For pianists, other instrumentalists, singers and performers across the performing arts spectrum, confidence in performance can feel like one of those elusive things which sometimes you have, and sometimes you don’t. However, it’s possible to directly influence how confident you will perform just by what you think and say. The power lies in carefully considering the language you use when approaching performance and practice, along with how you view the act of performing; and rethinking what performance means to you. This way, you can prime your brain for confident performance when it matters most. In this article I am going to share 3 ways you can do this, taken directly from my performance coaching practice.  

 

 

 

1. Change Your Language

 

Have you ever thought about the language you are using in your practice? It is surprising how much this can influence not just how efficiently you practice, but how confident you feel about what you are practising. For example, if you say to yourself ‘I can’t do it,’ ‘I’ll never be able to do it,’ ‘I always mess that up,’ or anything else which is undermining yourself, then this not only prevents you from making breakthroughs in your practice, but it sets you up for creating a negative pattern of thinking which is limiting and can cause anxiety. It can become a self-fulfilling prophecy; and it completely closes down your mind and puts you into a fixed mindset.

 

Instead, try to use language which puts you into a growth mindset. Phrases such as, ‘I wonder if I can,’ ‘I wonder how I might,’ ‘I’m curious to try,’ will open up your mind and put you into a state of curiosity, learning and discovery, whilst taking you out of a fear mindset. This will help your brain to stay always open to learning and positive about your ability.  

 

 

 

2. Visualise A Positive Outcome

 

If all that is ever going through your head on the run-up to a performance is how many ways you could mess up, then it’s a good time to change things. We feed what we focus on, which means that if you visualise yourself feeling nervous and playing badly, then there is a high possibility that this is how your actual performance will go. Most humans are very good at visualising, to the point that we can become so scared with a vision we have in our head and almost forget that it’s not real. Athletes visualise everything they want to do in their performance in minute detail before an event; and this is all geared towards the outcome they want, not the outcome they don’t. It doesn’t make sense to worry about how badly something could go when you can actually influence how well it can go, purely by thinking.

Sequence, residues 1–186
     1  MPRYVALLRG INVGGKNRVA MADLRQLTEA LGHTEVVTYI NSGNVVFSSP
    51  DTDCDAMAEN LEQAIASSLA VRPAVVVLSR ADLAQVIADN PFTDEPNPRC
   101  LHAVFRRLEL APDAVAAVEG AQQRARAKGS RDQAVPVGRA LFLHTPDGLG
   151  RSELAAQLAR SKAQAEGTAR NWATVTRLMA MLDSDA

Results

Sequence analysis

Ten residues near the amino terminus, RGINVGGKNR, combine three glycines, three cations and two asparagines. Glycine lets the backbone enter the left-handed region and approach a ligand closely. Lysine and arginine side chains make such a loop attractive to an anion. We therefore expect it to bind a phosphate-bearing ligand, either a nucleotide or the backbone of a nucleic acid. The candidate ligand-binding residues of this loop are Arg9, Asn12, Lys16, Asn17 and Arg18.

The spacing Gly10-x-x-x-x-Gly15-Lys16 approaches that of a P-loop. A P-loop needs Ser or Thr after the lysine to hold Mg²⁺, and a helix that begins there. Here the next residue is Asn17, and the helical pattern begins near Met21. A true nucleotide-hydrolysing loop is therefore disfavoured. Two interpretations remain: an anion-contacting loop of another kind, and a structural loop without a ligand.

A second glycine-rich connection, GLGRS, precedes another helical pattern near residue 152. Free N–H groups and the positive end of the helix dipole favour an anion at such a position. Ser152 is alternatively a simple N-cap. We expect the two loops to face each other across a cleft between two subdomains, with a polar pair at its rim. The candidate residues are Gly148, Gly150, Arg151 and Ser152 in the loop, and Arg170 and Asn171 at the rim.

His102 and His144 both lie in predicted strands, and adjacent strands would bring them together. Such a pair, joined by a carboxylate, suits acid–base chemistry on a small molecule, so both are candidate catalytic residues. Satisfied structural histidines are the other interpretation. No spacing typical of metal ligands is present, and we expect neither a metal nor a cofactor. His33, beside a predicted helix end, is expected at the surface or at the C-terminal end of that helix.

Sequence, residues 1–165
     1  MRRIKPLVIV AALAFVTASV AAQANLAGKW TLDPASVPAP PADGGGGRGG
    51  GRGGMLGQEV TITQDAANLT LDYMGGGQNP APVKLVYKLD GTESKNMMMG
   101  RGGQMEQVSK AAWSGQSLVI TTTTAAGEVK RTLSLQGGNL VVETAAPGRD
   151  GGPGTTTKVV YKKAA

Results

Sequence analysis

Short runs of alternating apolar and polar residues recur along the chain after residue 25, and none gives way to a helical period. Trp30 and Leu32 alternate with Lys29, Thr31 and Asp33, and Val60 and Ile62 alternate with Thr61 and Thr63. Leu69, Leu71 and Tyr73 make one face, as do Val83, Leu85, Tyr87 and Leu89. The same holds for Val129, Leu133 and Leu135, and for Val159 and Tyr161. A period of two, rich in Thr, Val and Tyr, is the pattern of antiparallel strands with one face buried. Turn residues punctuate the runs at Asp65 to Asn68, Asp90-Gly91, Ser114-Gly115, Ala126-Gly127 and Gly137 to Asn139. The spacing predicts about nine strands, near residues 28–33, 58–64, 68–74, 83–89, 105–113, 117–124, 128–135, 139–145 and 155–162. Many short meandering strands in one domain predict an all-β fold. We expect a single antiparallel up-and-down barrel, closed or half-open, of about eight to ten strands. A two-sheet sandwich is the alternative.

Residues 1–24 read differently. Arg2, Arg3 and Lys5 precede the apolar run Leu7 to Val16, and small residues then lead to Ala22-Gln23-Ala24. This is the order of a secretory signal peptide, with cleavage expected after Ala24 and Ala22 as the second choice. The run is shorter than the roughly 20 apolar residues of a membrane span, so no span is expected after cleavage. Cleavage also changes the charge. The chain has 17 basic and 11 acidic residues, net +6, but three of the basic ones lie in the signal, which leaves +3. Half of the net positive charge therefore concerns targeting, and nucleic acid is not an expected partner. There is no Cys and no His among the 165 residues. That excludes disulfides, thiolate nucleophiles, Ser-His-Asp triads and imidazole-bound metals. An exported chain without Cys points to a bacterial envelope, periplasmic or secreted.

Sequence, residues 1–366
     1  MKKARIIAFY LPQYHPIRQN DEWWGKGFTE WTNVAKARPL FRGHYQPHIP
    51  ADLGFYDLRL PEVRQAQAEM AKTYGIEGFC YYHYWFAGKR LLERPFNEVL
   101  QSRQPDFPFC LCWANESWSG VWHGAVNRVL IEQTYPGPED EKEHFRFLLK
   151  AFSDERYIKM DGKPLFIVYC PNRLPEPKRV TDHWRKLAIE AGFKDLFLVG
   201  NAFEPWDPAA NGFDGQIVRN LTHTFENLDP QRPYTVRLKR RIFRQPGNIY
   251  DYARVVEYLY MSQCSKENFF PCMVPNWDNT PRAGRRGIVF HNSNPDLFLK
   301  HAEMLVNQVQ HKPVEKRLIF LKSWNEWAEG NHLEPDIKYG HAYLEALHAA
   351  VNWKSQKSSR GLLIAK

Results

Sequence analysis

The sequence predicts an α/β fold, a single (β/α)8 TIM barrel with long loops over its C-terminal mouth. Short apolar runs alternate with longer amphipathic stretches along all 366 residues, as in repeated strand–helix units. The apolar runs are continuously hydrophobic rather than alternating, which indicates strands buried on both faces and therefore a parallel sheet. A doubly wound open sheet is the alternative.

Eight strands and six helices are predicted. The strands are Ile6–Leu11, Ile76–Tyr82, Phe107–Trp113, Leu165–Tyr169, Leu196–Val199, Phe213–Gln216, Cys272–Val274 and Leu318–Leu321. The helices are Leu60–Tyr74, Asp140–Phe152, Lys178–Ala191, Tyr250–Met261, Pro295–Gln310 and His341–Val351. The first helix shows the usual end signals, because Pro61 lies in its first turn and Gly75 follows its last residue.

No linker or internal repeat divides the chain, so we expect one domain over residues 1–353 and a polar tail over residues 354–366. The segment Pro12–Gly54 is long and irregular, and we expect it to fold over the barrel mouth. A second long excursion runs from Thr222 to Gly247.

So start to visualise how you want to perform, including how you want to carry yourself, how you see yourself looking confident, in flow and enjoying your performance. Do this every time you imagine a negative scenario in your head. It doesn’t take much effort, but it can be surprisingly impactful. 

 

 

 

 3. Change Your Definition Of Performance 

What’s your definition of performance? Does it seem like this big thing looming in your future? Perhaps it depends on the context of what or where you’re performing, or whether you are performing for a competition or exam. The thing is, although a performance can often be formal in its layout, or in what is expected by the audience, the thing to remember is that it is really just an opportunity to share what you have been working on with an audience who is willing to watch you. Seeing it as opportunity, rather than a fixed event can help to take some of the pressure off. Who cares if you make mistakes, when you know that you can always improve with your next performance? Best of all, if you approach performance in this way, you will probably find that when the pressure drops away you are likely to perform much better than if you were building it up to be this big scary thing. 

If you start to incorporate these 3 things into the way you approach practice and performance, then you might be surprised to see the difference it can make to your anxiety levels not just on the run-up to a performance, but in the performance itself. You will have created a much more positive base from which to connect with your audience in a meaningful and expressive way, rather than being consumed with anxiety.